In a disconcerting development, Ohio is the latest state attempting to join the alarming trend of banning gender-affirming care for transgender youth. House Bill 68, currently under legislative consideration, carries an unexpected, troubling clause unseen in similar bills across the nation. This provision mandates a screening process to determine the “influences” or “causes” of being transgender. Yes, you read that right.
Before diagnosing a patient with gender dysphoria, therapists would be obliged to check for other potential “causes” for a person’s transgender identity. This includes conditions like anxiety, depression, and autism. However, this provision flagrantly contradicts established scientific consensus: none of these conditions “cause” someone to be transgender.
It’s crucial to understand that while a slight correlation may exist between autism spectrum disorder and gender dysphoria, it is not causal. There is absolutely no evidence that being on the autism spectrum triggers individuals to identify as transgender. As Dr. Varun Warrier, a researcher at the University of Cambridge, explains, “Just because these things can co-occur does not mean that one should be denied.”
The “causes” for being transgender as listed in the bill include ADHD, Autism, Anxiety, Depression, Physical, Mental, and Emotional Abuse, and Trauma. This new screening process does not open doors to gender-affirming care for transgender youth; it raises a substantial barrier to accessing even basic mental healthcare.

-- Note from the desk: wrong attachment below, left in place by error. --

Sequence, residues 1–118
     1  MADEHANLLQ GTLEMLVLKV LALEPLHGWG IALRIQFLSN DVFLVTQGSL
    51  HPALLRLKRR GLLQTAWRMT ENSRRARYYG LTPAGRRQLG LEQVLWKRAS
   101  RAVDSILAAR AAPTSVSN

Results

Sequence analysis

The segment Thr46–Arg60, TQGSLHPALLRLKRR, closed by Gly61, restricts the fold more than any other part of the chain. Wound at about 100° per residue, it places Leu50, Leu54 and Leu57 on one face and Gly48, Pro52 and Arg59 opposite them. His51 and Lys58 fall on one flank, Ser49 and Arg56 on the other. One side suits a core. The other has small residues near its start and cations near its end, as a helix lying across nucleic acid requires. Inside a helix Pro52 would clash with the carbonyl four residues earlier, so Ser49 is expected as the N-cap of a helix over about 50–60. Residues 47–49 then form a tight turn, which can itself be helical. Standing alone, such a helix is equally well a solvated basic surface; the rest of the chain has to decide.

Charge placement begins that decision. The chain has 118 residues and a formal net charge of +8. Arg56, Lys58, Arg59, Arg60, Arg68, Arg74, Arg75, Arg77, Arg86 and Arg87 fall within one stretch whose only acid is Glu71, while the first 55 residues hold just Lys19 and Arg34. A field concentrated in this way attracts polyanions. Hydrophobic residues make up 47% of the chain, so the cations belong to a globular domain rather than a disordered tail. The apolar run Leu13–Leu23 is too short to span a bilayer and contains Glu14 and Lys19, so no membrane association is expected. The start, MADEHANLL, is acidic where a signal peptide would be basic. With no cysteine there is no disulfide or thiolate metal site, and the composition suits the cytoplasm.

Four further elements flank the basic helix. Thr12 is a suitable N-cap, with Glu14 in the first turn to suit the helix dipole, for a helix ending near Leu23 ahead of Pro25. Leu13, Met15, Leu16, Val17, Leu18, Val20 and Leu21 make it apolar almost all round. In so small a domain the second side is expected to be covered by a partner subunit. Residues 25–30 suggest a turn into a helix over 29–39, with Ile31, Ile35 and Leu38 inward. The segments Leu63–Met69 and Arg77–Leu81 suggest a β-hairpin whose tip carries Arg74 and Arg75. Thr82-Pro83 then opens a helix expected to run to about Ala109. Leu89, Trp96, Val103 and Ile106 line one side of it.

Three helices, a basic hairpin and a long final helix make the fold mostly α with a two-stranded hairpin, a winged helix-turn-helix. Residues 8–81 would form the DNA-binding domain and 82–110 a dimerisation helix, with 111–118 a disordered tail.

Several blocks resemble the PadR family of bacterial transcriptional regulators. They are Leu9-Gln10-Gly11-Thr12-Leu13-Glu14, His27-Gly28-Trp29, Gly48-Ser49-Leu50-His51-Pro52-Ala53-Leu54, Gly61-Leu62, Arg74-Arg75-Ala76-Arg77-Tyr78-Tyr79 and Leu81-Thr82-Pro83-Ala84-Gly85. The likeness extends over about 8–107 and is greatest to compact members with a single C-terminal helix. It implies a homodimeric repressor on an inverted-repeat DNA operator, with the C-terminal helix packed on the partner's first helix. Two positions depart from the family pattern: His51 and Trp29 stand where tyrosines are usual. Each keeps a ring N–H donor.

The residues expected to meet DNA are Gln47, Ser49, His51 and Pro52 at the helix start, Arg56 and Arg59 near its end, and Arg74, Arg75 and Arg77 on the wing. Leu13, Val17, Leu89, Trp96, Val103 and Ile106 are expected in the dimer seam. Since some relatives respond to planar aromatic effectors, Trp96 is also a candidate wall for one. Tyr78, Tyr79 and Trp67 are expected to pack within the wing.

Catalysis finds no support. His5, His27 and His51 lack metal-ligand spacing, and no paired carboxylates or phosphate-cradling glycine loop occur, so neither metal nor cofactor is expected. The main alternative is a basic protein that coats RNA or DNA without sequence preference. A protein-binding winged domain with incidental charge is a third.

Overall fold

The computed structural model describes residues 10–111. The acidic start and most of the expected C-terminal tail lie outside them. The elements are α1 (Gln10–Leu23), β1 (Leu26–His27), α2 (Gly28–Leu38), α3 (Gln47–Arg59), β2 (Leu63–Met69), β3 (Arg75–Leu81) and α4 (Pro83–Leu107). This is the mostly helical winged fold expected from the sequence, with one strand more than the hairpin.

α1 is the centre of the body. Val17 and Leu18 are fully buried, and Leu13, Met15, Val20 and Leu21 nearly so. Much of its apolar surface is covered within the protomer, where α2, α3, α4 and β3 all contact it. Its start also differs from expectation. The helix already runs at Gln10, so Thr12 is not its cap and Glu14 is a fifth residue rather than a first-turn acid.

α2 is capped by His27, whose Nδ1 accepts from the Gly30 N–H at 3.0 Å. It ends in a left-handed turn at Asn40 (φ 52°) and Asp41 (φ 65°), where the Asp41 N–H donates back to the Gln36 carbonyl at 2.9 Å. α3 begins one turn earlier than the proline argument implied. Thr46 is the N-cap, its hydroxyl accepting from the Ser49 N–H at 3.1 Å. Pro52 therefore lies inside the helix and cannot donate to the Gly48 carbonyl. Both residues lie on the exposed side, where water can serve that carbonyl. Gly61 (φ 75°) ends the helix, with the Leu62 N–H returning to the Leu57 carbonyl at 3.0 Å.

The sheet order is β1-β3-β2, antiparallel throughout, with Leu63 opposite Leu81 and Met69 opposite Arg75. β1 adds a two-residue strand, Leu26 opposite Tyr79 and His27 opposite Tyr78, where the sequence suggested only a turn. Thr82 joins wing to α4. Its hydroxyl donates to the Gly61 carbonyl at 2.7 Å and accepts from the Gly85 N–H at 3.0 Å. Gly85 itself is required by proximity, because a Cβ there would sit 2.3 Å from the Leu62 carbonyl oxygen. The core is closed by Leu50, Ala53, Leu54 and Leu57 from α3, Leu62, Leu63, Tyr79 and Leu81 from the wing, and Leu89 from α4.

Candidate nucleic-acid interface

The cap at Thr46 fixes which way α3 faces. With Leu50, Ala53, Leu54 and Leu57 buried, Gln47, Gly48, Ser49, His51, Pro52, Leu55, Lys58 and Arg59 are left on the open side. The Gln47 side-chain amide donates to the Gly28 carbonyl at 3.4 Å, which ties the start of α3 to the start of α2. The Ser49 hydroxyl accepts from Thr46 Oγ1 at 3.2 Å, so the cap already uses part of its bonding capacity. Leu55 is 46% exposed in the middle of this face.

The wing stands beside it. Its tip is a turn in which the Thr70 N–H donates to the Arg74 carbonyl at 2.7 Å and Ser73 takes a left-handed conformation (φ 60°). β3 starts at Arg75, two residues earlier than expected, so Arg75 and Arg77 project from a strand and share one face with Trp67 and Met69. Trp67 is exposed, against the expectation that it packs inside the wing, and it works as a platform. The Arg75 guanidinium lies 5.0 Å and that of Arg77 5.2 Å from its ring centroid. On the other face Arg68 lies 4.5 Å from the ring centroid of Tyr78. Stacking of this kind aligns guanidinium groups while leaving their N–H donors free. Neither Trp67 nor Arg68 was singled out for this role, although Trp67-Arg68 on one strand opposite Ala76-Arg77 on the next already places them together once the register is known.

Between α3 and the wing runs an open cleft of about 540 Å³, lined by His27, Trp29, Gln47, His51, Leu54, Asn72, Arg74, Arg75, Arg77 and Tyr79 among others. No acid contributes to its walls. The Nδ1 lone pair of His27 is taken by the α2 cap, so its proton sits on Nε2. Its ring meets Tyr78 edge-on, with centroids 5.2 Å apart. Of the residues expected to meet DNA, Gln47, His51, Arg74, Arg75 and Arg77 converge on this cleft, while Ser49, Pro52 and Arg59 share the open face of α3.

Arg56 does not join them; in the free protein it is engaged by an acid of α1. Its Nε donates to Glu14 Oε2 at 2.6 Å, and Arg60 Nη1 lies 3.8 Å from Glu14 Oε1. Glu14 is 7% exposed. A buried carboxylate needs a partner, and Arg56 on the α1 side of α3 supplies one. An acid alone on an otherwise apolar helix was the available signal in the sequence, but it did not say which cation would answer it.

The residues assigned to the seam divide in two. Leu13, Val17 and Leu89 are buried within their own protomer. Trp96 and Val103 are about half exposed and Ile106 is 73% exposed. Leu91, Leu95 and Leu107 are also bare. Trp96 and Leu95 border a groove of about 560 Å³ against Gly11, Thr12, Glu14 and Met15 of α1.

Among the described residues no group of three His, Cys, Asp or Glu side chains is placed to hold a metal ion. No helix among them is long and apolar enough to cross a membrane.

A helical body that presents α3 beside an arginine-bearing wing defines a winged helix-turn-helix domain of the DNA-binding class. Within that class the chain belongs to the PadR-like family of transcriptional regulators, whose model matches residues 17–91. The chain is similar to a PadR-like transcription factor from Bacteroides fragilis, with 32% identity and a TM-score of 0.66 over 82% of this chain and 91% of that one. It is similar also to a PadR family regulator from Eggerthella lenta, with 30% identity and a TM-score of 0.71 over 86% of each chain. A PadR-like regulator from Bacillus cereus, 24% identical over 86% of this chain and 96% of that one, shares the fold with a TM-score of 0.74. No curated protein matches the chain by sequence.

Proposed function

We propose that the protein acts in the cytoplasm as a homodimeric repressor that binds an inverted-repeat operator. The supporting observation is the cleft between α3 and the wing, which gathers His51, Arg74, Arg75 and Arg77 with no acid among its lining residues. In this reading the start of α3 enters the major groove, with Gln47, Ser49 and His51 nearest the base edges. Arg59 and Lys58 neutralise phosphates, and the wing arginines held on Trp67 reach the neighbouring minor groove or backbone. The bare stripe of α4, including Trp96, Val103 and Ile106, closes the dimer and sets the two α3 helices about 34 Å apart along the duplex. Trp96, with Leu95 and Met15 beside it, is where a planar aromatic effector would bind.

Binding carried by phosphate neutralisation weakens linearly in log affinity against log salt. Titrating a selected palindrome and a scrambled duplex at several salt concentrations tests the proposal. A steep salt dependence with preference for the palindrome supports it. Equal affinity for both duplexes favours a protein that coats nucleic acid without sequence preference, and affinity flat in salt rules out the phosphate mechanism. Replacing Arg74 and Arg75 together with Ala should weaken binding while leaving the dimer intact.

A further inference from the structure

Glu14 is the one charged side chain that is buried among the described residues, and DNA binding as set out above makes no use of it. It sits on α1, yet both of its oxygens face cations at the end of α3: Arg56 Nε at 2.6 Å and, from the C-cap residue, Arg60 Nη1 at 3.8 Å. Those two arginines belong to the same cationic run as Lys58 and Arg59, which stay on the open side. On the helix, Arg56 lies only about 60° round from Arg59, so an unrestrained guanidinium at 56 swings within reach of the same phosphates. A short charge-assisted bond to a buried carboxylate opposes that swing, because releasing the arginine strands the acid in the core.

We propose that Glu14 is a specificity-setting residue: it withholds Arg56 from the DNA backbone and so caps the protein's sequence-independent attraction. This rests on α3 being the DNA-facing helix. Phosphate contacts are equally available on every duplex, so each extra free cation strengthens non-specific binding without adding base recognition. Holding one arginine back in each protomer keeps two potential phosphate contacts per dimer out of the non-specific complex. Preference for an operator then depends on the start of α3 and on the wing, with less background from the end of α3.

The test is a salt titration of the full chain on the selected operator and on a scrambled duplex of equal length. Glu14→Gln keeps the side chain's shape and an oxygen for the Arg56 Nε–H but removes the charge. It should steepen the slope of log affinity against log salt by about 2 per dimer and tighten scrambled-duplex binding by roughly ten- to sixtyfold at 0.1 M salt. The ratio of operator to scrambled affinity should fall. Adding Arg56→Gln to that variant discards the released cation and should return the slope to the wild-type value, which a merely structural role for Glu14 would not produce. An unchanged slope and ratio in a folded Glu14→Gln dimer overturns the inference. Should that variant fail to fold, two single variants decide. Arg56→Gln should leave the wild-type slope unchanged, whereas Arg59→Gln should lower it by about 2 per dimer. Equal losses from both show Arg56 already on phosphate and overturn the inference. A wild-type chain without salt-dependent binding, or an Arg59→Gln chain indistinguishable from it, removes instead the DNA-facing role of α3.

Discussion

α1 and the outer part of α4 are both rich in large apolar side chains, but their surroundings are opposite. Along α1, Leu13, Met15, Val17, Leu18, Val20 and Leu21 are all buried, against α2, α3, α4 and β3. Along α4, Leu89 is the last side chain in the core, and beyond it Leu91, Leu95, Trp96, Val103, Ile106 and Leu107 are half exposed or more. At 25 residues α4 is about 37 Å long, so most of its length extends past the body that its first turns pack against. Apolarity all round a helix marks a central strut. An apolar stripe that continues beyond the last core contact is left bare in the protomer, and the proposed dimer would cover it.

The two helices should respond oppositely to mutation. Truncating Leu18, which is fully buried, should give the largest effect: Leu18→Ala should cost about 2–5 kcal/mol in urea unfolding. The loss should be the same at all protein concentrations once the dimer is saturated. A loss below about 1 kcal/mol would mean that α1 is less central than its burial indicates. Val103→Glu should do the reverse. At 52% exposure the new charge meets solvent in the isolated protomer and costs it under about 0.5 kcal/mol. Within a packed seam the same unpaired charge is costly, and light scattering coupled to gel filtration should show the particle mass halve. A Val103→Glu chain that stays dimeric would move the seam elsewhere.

Here’s the kicker: these provisions essentially enforce a form of “gender exploratory therapy.” Sound innocuous? It’s anything but. This new type of conversion therapy is peddled by Christian conversion therapy organizations like the American College of Pediatricians, a hate group as per the Southern Poverty Law Center.
The goal of gender exploratory therapy? Delay. Delay gender-affirming care for transgender people while supposedly “exploring” various reasons for their gender identity. It’s a chilling echo of crisis pregnancy centers—most of these therapists never authorize gender-affirming care or diagnose gender dysphoria. Their objective is to drag the process out until the individual either ages out of care or relinquishes the idea of transitioning.
HB 68, if passed, would make Ohio the 20th state to outlaw gender-affirming care for transgender youth. It not only bans gender-affirming surgeries but also puberty blockers and hormone therapy. It restricts mental healthcare and compels therapists to delve into the private lives of transgender individuals, seeking potential “causes” of their gender identity.
While many states have unfortunately passed gender-affirming care bans this year, Ohio remains one of six Republican states that have been slower on the uptake. Wyoming and New Hampshire have entirely defeated their bans, and West Virginia has created significant exceptions for transgender youth to continue receiving care. In contrast, states that haven’t passed such bans are moving towards protecting transgender individuals’ care from out-of-state prosecution or investigation.
Ohio now teeters on the edge of a precipice, caught between pioneering a disturbing approach to targeting transgender individuals with discriminatory laws or defeating the bill entirely. For transgender individuals and their loved ones, it’s an agonizing waiting game.